Saturday, May 25, 2013
Hip-hop artist Sonya Tomlinson, better known as Sontiago, is the real deal. Her rhymes are whip-smart, her voice is distinct, and her feet are firmly planted here in Portland.
Sontiago’s new maxi-single “Muscle Car” is a six-track affair that is 19 minutes of dance-inducing joy. Recording artist Alias, a Hollis native, did the remix.
WHAT'S ON SONTIAGO'S iPOD
"Mixin' Up the Medicine," Juelz Santana & Yelawolf
"Little Brother," Lady Lamb the Beekeeper
"No Room For Doubt," Lianne La Haves
"Well Water Black," Why & Alias
"Bad Girls," M.I.A.
"Time for Real," Bleubird & Ceschi
"Don't Take It Personal," Monica
"Thomas Jefferson," Astronautalis & Sims
"It's a Pity," Tanya Stephens
TURN YOUR RADIO dial to 102.9 WBLM every Friday at 8:30 a.m. to hear Aimsel Ponti wax poetic about her top three live music picks for the week with the Captain and Celeste.
With help from a few friends -- both new and old -- Sontiago is back with the maxi-single "Muscle Car." With remixes and a B-side, it's a six-track affair that is 19 minutes of pulsating, dance-inducing joy.
GO invited Sontiago to put her mic down just long enough to catch a few questions that we threw at her. We got schooled about the making of "Muscle Car" and one of its driving forces, musician Therese Workman.
Can you break down "Muscle Car?"
The beats on the maxi-single were made by Canadian producer Ango. When we originally connected for a week in Montreal to share ideas and production, it was important that I knew what came to mind, or what visions he had for the beats he was lending to this project. When he gave me the beat for "Muscle Car," he said when he was making it that the imagery of a guy driving a muscle car kept coming to mind. So sparked the idea of this player who's bluff is being called by a girl who was once lured in by him and his car, but over time becomes brave enough to call him out on the fact that his game is getting old.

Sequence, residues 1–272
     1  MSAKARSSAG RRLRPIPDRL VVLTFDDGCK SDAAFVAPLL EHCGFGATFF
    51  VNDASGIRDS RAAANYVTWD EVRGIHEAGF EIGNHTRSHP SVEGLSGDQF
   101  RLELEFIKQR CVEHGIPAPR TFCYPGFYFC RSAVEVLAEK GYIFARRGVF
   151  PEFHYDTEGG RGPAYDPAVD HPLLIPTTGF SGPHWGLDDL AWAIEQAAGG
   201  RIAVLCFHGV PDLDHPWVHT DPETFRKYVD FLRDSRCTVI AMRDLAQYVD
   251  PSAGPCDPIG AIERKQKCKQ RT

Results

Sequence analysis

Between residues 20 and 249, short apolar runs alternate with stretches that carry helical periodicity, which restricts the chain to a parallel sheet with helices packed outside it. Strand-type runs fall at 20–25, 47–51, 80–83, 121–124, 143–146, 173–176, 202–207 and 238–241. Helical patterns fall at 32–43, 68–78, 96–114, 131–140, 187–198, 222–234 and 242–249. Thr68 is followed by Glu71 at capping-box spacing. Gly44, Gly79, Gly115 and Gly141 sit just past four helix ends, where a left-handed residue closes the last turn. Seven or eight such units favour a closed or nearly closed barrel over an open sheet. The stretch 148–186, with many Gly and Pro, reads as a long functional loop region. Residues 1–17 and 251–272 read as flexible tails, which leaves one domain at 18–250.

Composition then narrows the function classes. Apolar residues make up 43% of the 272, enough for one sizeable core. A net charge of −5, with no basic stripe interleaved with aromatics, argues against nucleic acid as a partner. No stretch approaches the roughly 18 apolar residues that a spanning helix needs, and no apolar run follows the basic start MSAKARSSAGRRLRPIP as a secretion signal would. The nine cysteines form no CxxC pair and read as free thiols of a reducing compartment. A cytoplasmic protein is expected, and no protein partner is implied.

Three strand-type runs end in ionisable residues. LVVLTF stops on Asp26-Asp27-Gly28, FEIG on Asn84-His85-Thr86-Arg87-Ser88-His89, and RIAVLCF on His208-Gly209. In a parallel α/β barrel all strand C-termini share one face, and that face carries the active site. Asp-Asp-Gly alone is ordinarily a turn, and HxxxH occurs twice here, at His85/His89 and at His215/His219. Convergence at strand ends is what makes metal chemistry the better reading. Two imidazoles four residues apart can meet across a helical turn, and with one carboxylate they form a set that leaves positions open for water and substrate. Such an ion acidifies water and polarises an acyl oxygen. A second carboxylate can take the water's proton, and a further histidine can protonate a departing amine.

The remix is by Anticon recording artist Alias, a Hollis, Maine, native. I don't want to embarrass him by bragging, but the guy is internationally known, has toured all over the world, sold a decent amount of records, and has worked with a range of artists. We're really lucky that someone as talented, hard-working and humble calls Portland home -- it totally ups our value.
Therese Workman worked with you on "Muscle Car." Can you tell us about her?
Where do I start? She's a dreamboat of a human, an incredible musical mind and driving force behind the final product. Therese is from Waterville, though we met in Portland when her all-girl band, Ramblin' Red, played a show at Space.
She was living in Portland at the time, but has since moved to NYC, where she works as a fellowship adviser at Columbia University. She is one-half of the brilliant duo Oh My Goodness. They make songs infused with humor, future-pop, R&B and a healthy dose of "The Cosby Show." She can play a lot of instruments, but I would say synths and keys are her specialties.
So what else have you been up to?
Next month, I begin my new position as grants and outreach manager at the Maine Women's Fund, where I've been employed for a year and a half. I'm still on the event staff at Space Gallery (in Portland). We just celebrated our 10th anniversary, and I am really proud of being a part of that success. This past spring, I was busying myself as a teaching artist at the Telling Room (in Portland), where I paired up with local filmmaker David Meiklejohn to create a series of short biographical films from 15 area teenagers, who all relocated to Maine from other countries. It's called "The Whole World Waiting."
From your perspective, how has the hip-hop scene in Portland evolved over the last five to 10 years?
I think the hip-hop scene, though it still has its active veterans, is best carried by younger people who have the fresh eyes and ears, time and hunger to breathe new life into it. I thought that when I was one of those young people, and I think it now, a decade later.
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